In the Skylight Concourse at the Avenue at Tower City, the fountains still gurgle. People lounge on the green marble ledge, checking their phones or watching the foot traffic as smooth jazz echoes up toward the glass-domed roof.
But for each thing that’s the same, another has changed. Near the fountain, a store called A Dollar sells a two-piece plastic soap dish for $1.50. There are no major designer stores. McDonald’s has abandoned the food court. The Hard Rock Cafe departed earlier this year. Passers-by wear headphones, intent on getting to downtown’s streets or the transit station.
The Terminal Tower has always been a family business — 52 stories of civic and personal aspiration anchored deep in Cleveland’s bedrock.
When the enigmatic Van Sweringen brothers built the Union Terminal complex in the late 1920s, it was the crown atop their railroad empire, a symbol of Cleveland’s industrial might.
But by the time the Ratners and Forest City Enterprises took over in the 1980s, the train station and the town needed more than a little parental attention.
“They not only picked up a legacy, but they bought the symbol of the city,” says John Grabowski, a history professor at Case Western Reserve University. “Whatever the terminal was or is or wasn’t, it’s still the landmark for the city.”
Founded by siblings Charles, Max, Fannye and Leonard Ratner as a series of lumber and building supply companies in the 1920s, Forest City has become a national real estate firm. And the Ratner family — Albert, Charles, James, Ronald, Ruth and her ex-husband, Sam Miller, among them — has been deeply devoted to Cleveland’s philanthropic, civic and political life for decades.
Their grand plan was to reimagine the terminal complex as a draw for suburban families to mingle, shop and dine in the city. They even made a movie about it. The Memories and the Dream begins with a shot of the Terminal Tower, the brilliant orange sun overhead. As the music swells, a narrator cuts in.
“I remember it like it was yesterday,” he says, as a 1930s-era family tumbles out their front door. “We were all dressed up in our best clothes, and dad had the car all shined up. We were going to see what he said was one of the biggest buildings in the world. It was the opening of the Terminal Tower.”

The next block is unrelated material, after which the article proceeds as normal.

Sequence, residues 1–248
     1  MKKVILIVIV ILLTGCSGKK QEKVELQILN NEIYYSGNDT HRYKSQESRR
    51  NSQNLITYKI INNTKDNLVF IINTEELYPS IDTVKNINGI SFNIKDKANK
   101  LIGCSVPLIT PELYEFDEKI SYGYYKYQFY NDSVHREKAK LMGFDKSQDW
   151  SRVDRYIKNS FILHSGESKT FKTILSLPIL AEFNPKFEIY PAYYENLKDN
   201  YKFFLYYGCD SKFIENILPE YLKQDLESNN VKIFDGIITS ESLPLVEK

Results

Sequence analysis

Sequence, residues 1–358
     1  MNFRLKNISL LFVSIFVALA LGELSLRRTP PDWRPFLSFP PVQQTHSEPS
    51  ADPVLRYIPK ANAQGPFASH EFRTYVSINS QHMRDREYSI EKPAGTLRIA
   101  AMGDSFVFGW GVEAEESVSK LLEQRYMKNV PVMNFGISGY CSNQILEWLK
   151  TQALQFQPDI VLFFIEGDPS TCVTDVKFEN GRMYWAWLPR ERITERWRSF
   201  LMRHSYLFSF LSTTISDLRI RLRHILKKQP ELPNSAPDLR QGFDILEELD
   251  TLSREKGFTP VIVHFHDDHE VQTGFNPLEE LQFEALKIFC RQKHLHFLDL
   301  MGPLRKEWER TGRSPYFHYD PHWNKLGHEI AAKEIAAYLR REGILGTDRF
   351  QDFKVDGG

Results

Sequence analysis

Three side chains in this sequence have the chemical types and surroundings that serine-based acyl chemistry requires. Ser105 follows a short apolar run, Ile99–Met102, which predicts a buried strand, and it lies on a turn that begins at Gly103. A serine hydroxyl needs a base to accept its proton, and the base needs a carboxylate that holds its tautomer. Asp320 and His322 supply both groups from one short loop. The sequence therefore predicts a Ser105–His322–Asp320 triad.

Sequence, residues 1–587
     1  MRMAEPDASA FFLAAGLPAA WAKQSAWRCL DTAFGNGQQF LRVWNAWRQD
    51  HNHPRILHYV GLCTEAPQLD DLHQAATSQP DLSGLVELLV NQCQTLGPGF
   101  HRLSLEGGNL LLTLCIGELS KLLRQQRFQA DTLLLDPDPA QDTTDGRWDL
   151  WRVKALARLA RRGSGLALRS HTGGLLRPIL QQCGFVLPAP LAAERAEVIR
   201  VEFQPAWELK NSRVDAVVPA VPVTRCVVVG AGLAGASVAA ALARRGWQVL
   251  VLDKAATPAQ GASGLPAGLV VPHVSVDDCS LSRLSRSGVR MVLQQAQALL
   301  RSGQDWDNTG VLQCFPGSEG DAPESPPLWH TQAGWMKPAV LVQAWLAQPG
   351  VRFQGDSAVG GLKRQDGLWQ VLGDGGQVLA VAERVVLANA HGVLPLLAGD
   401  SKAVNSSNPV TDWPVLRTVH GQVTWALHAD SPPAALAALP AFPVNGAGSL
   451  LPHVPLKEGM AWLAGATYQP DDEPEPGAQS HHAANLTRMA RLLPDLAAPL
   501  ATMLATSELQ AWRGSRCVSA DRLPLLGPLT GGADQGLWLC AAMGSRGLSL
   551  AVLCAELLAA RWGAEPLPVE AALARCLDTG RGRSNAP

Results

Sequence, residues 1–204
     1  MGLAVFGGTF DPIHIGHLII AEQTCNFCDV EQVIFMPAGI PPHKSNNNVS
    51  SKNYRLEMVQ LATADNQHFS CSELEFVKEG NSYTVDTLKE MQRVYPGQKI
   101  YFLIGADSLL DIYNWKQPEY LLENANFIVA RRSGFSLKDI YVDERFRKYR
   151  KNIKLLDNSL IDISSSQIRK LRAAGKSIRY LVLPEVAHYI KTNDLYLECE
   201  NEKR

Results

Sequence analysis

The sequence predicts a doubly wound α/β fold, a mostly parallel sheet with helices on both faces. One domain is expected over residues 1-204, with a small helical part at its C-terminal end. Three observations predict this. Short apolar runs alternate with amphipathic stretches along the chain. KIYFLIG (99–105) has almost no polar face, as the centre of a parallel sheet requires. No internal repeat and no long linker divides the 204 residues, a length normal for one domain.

They pile into the vintage car. ”Gosh, we were all so excited,” says the narrator. “You know, that wonderful memory has stuck with me … all these years.”
Quickly, we’re in the present. A family in 1990s pastels makes their way from a suburban house to the car. “Man, we were so excited,” says the teenage son in voiceover. “We were all going to the Disney Store. Dad wanted us to see this huge bunch of buildings built right under the Terminal Tower. What a neat building.”
Scenes from Tower City’s 1990 opening ceremony show the Skylight Concourse. Dancers frolic and choruses clad in teal, maroon and mustard sweaters sing, “Celebrate, celebrate, celebrate, a new creation!” Balloons and confetti stream from the ceiling.
We leave the hoopla for Ruth Ratner Miller, president of Terminal Tower Inc. and the public face of the project. “When I was a young woman, one wore white gloves and a hat to come downtown, to know that it was a very special place,” she says. “But even today, coming downtown, that trip of coming downtown, heightens one’s awareness, heightens one’s energy.”
It’s been a quarter century since then. Suburbanization and sprawl pushed residents farther from the central city. The high-end stores departed. Forest City, the company the Ratners founded, found fertile markets for mammoth projects in Denver, New York City and elsewhere. Ruth Ratner Miller passed away.
But, something else happened too. Public Square rediscovered its New England roots. A grocery story opened in the former Cleveland Trust Co. rotunda. And an estimated 14,000 looking for that heightening found it by living downtown.
Just as the city center seems to be inching back to a version of that black-and-white urban ideal, the Ratners and Forest City are moving in the opposite direction, selling off downtown assets. The Terminal complex has been quietly chopped up like a station wagon broken down for parts.
Forest City sold the Ritz-Carlton, Cleveland in 2011 and the Higbee Building two years later. The Skylight Office Tower was offloaded in 2015. This year the fire sale continued. In March, Forest City sold the Avenue at Tower City Center to Detroit billionaire Dan Gilbert’s Bedrock Real Estate Services.
In September the company sold the Terminal Tower itself to K&D, a Willoughby-based real estate firm, for $38.5 million. K&D plans to take the unprecedented step of converting several floors of the tower to apartments — an apex to the downtown boom.
For Dick Pogue, longtime civic leader and senior adviser at Jones Day, Forest City’s sale of the Terminal Tower is an indication of something else as well. “[The Ratners] feel that the city is in good shape, and they don’t need to be major investors in that particular property any more,” says Pogue, who is close with Forest City co-chairman emeritus Albert Ratner. “It’s time to move on and capitalize on their investment without worrying that the city’s going to flop back into the horrible state it was in, in the ’70s.”
As downtown rises, the sale of our iconic skyscraper represents a tectonic shift to a new Cleveland.